Jie Wu, Shu-wei Duan, Hong-tao Yang, Yue-yi Deng, Wei Li, Ya-ni He, Zhao-hui Ni, Yong-li Zhan, Shan Lin, Zhi-yong Guo, Jun Zhu, Jing-ai Fang, Xu-sheng Liu, Li-hua Wang, Rong Wang, Nian-song Wang, Xiao-hong Cheng, Li-qun He, Ping Luo, Shi-ren Sun s, Ji-feng Sun, Ai-ping Yin, Geng-ru Jiang, Hong-yu Chen, Wen-hu Liu, Hong-li Lin, Meng Liang, Lu Ma, Ming Chen, Li-qun Song, Jian Chen, Qing Zhu, Chang-ying Xing, Yun Li, Ji-ning Gao, Rong-shan Li, Ying Li, Hao Zhang, Ying Lu, Qiao-ling Zhou, Jun-zhou Fu, Qiang He, Guang-yan Cai, Xiang-mei Chen
Journal of Integrative Medicine    2021, 19 (2): 111-119.   DOI: 10.1016/j.joim.2021.01.009
Accepted: 16 December 2020
Online available: 30 January 2021

Abstract267)   HTML    PDF      
Shenyankangfu Tablet (SYKFT) is a Chinese patent medicine that has been used widely to decrease proteinuria and the progression of chronic kidney disease.

This trial compared the efficacy and safety of SYKFT, for the control of proteinuria in primary glomerulonephritis patients, against the standard drug, losartan potassium.

Design, setting, participants and intervention
This was a multicenter, double-blind, randomized, controlled clinical trial. Primary glomerulonephritis patients, aged 18–70 years, with blood pressure ≤ 140/90 mmHg, estimated glomerular filtration rate (eGFR) ≥ 45 mL/min per 1.73 m2, and 24-hour proteinuria level of 0.5–3.0 g, were recruited in 41 hospitals across 19 provinces in China and were randomly divided into five groups: SYKFT, losartan potassium 50 mg or 100 mg, SYKFT plus losartan potassium 50 mg or 100 mg.

Main outcome measures
The primary outcome was change in the 24-hour proteinuria level, after 48 weeks of treatment.

A total of 735 participants were enrolled. The percent decline of urine protein quantification in the SYKFT group after 48 weeks was 8.78% ± 2.56% (P = 0.006) more than that in the losartan 50 mg group, which was 0.51% ± 2.54% (P = 1.000) less than that in the losartan 100 mg group. Compared with the losartan potassium 50 mg group, the SYKFT plus losartan potassium 50 mg group had a 13.39% ± 2.49% (P < 0.001) greater reduction in urine protein level. Compared with the losartan potassium 100 mg group, the SYKFT plus losartan potassium 100 mg group had a 9.77% ± 2.52% (= 0.001) greater reduction in urine protein. With a superiority threshold of 15%, neither was statistically significant. eGFR, serum creatinine and serum albumin from the baseline did not change statistically significant. The average change in TCM syndrome score between the patients who took SYKFT (-3.00 [-6.00, -2.00]) and who did not take SYKFT (-2.00 [-5.00, 0]) was statistically significant (P = 0.003). No obvious adverse reactions were observed in any group.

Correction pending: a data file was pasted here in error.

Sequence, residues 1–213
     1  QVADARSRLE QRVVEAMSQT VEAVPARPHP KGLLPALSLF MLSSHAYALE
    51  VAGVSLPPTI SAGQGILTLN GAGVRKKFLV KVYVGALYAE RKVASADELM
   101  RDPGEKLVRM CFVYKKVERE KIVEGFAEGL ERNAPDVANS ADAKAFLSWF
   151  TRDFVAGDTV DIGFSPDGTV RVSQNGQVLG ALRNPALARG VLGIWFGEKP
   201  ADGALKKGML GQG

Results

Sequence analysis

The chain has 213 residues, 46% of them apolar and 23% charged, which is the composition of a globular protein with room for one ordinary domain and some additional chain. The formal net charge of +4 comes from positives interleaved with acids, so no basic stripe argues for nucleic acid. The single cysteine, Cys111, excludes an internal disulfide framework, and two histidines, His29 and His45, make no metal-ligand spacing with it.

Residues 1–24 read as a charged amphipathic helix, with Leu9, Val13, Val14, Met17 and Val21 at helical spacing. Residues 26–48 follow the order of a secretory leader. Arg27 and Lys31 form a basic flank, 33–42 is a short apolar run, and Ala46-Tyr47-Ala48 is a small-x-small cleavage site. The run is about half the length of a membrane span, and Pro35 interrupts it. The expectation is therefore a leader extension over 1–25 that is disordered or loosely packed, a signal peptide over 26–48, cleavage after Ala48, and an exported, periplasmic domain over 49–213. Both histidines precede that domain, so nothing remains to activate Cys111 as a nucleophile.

SYKFT decreased the proteinuria and improved the TCM syndrome scores of primary glomerulonephritis patients, with no change in the rate of decrease in the eGFR. SYKFT plus losartan potassium therapy decreased proteinuria more than losartan potassium therapy alone.

Trial registration number
NCT02063100 on
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Effects of Tanreqing Capsule on the negative conversion time of nucleic acid in patients with COVID-19: A retrospective cohort study
Xing Zhang, YanXue, Xuan Chen, Jia-min, Wu, Zi-jian Su, Meng Sun, Lu-jiong Liu, Yi-bao Zhang, Yi-le Zhang, Gui-hua Xu, Miao-yan Shi, Xiu-ming Song, Yun-fei Lu, Xiao-rong Chen, Wei Zhang, Qi Chen
Journal of Integrative Medicine    2021, 19 (1): 36-41.   DOI: 10.1016/j.joim.2020.10.002
Accepted: 07 August 2020
Online available: 09 October 2020

Abstract324)   HTML    PDF      
Traditional Chinese medicine plays a significant role in the treatment of the pandemic of coronavirus disease 2019 (COVID-19). Tanreqing Capsule (TRQC) was used in the treatment of COVID-19 patients in the Shanghai Public Health Clinical Center. This study aimed to investigate the clinical efficacy of TRQC in the treatment of COVID-19.

A retrospective cohort study was conducted on 82 patients who had laboratory-confirmed mild and moderate COVID-19; patients were treated with TRQC in one designated hospital. The treatment and control groups consisted of 25 and 57 cases, respectively. The treatment group was given TRQC orally three times a day, three pills each time, in addition to conventional Western medicine treatments which were also administered to the control group. The clinical efficacy indicators, such as the negative conversion time of pharyngeal swab nucleic acid, the negative conversion time of fecal nucleic acid, the duration of negative conversion of pharyngeal-fecal nucleic acid, and the improvement in the level of immune indicators such as T-cell subsets (CD3, CD4 and CD45) were monitored.